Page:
After graduating cum laude from Penn State, she learned Philadelphia's inner power corridors as both a voter registration director for former Mayor Wilson Goode's 1987 re-election campaign and as state Sen. Chaka Fattah's chief of staff from 1991 to 1994. Most recently, she helped bring people together in the debate over borders for the Penn-assisted elementary school in West Philly (see "Home Schooling," p. 16).
Today she points to staff instability, a dearth of homegrown teachers, outdated facilities, funding gaps and a need for more community involvement in neighborhood schools as the most pressing public education issues.
"Some of the things that were commonplace for me aren't there anymore. It makes everything more difficult," she says. "I had a system at school, home and in the neighborhood that supported me along the way. Many children today don't have access to that. We've let our schools become shuttered off. They're not the center of community activity today."
When Mayor Street and Gov. Schweiker held their press
conference announcing the commission members, it was viewed as a last-ditch effort to avoid the outright takeover of a school system the state deemed "distressed" in December.
Schweiker, who has loudly declared he wants to bring in a private company to run some of the schools, appointed Whelan and Philadelphia University President James Gallagher. Along with commission head James Nevels, a Swarthmore businessman, they'll mull privatization and look for ways to boost basic-skills scores. They'll also need to hire a district CEO while reducing the $200 million deficit. With those heavy tasks ahead, the group is bracing for a long five- to seven-year haul.
"We're still getting to know one another," says Masch. "It's a very smart, very idealistic group. That's what exciting even though what we're trying to do is admittedly very difficult. None of us think we have it all figured out already. We're coming in with open minds, smart but sincere in wanting to do this job right."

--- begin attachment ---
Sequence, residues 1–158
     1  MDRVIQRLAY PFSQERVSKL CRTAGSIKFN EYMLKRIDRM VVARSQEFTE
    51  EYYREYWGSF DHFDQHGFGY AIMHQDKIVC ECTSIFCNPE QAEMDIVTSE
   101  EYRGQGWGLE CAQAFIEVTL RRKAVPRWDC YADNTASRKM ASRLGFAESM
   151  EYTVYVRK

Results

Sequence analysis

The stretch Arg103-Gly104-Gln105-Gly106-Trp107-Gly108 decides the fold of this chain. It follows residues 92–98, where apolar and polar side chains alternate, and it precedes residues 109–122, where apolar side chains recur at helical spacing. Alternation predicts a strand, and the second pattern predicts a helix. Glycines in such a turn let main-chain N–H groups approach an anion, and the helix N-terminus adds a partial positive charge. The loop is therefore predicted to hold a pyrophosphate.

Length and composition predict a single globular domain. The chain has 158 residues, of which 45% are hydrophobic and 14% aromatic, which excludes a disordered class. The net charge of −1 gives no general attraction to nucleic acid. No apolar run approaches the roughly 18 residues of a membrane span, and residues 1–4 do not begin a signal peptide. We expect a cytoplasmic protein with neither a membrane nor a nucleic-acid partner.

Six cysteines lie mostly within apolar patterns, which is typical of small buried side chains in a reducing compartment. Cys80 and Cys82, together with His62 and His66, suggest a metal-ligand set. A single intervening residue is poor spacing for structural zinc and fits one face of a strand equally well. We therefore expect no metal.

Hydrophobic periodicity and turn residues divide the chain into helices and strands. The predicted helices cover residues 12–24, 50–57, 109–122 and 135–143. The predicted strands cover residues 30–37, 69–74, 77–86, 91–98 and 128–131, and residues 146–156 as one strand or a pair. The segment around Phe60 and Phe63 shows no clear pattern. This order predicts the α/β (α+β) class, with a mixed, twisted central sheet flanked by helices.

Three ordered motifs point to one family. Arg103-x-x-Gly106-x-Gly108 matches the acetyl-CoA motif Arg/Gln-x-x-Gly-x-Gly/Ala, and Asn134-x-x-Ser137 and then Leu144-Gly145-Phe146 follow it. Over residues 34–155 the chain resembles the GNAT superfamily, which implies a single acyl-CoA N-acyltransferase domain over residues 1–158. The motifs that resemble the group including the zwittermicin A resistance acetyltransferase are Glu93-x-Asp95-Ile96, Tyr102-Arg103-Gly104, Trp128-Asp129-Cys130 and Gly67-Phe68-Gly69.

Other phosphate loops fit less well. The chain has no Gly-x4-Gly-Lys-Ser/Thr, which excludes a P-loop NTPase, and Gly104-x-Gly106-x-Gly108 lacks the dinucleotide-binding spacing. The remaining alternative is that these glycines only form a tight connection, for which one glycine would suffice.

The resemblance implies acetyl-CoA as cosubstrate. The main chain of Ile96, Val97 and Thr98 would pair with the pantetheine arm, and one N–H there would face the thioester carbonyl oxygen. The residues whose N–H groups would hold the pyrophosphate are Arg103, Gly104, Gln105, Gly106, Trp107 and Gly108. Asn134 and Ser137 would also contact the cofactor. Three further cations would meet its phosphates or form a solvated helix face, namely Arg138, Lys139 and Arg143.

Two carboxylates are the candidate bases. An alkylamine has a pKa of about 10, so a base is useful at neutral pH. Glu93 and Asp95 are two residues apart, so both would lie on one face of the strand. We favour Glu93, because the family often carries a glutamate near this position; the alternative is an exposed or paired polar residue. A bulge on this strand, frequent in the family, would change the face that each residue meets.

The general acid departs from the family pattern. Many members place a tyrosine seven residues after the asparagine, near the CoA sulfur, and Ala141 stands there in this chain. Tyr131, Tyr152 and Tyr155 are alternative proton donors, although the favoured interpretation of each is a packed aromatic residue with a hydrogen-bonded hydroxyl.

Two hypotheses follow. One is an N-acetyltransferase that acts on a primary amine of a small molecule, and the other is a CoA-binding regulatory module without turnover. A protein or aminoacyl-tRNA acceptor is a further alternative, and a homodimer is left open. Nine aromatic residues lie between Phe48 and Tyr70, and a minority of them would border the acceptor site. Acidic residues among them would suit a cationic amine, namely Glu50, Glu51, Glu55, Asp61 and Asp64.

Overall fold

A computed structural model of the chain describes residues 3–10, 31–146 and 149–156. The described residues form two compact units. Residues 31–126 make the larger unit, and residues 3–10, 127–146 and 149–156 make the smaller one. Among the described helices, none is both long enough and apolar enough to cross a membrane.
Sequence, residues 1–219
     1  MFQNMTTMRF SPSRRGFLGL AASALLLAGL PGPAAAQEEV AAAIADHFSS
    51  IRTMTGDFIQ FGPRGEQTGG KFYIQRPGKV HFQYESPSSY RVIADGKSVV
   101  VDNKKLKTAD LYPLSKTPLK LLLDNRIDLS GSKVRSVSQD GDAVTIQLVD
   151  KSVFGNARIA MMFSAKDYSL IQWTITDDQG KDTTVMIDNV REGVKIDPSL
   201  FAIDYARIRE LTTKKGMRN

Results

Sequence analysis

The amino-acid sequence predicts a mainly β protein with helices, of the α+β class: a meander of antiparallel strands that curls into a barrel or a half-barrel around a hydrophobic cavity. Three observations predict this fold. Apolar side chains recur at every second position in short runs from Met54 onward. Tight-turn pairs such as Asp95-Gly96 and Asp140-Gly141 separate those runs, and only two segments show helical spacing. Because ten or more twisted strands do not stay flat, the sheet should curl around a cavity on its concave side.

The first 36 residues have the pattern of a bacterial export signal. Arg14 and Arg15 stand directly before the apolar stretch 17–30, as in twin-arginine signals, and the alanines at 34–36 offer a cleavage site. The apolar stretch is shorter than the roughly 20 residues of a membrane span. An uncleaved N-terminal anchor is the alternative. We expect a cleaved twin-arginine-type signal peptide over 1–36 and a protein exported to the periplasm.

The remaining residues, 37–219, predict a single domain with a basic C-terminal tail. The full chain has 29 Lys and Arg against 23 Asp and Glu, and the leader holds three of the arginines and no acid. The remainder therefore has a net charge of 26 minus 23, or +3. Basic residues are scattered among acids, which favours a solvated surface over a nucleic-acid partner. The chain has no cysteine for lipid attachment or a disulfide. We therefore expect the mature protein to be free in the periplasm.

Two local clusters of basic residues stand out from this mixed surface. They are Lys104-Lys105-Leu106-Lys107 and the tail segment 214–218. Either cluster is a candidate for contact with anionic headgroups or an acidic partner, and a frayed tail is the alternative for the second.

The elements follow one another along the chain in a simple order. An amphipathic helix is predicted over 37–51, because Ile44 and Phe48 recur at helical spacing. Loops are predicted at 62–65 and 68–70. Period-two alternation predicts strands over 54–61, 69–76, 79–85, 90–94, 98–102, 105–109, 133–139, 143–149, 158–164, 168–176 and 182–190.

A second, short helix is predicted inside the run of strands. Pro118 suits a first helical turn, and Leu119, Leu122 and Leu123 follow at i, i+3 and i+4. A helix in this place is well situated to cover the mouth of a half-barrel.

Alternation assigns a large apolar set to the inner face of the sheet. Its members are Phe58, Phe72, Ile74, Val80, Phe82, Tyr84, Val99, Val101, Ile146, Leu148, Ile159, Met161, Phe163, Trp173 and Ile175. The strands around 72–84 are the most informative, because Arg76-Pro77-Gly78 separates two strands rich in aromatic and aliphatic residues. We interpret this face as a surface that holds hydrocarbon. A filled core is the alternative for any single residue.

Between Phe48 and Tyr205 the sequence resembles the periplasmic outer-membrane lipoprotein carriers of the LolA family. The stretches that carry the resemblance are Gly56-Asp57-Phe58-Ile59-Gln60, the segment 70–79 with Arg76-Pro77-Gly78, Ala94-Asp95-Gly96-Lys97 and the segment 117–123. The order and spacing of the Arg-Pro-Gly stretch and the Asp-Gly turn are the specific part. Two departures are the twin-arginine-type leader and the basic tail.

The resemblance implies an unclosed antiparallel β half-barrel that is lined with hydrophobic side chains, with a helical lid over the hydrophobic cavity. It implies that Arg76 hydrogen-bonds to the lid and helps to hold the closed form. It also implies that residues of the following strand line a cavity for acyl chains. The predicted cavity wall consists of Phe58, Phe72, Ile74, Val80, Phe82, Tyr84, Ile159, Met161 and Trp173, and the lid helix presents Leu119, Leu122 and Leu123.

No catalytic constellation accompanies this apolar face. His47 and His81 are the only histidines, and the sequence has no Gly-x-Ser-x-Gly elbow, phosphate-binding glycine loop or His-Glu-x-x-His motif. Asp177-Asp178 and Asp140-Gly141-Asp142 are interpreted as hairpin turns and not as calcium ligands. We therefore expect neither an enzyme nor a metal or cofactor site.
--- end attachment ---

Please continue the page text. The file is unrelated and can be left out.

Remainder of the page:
That's not to say that Masch isn't coming in with thoughts about the system. He worries too many students are leaving schools without the basic skills they'll need, but doesn't consider the system a failure.
"The challenge is to figure out why this is happening and do something about it. That question doesn't have a simple answer, because if it did we'd already be applying it," Masch says.
But in looking for those elusive answers, Masch and Dungee Glenn will rely upon their past for the insight it may offer.
"I understand the impact of Philadelphia being a city of neighborhoods," she says. "Things are done differently in Feltonville than they are in Belmont and Mantua, but we want the outcomes to be the same."
Masch leans on what he knows as a parent when assessing the difficulty of his duties.
"Public school parents in big cities are dependent on the school system to deliver," says Masch. "Yet the system isn't really designed to be accountable to parents. When the system works well, it's not a problem, but when things don't work well, parents have few good options. This can and should change."
Brian Hickey (email@example.com) also co-wrote this week's cover story.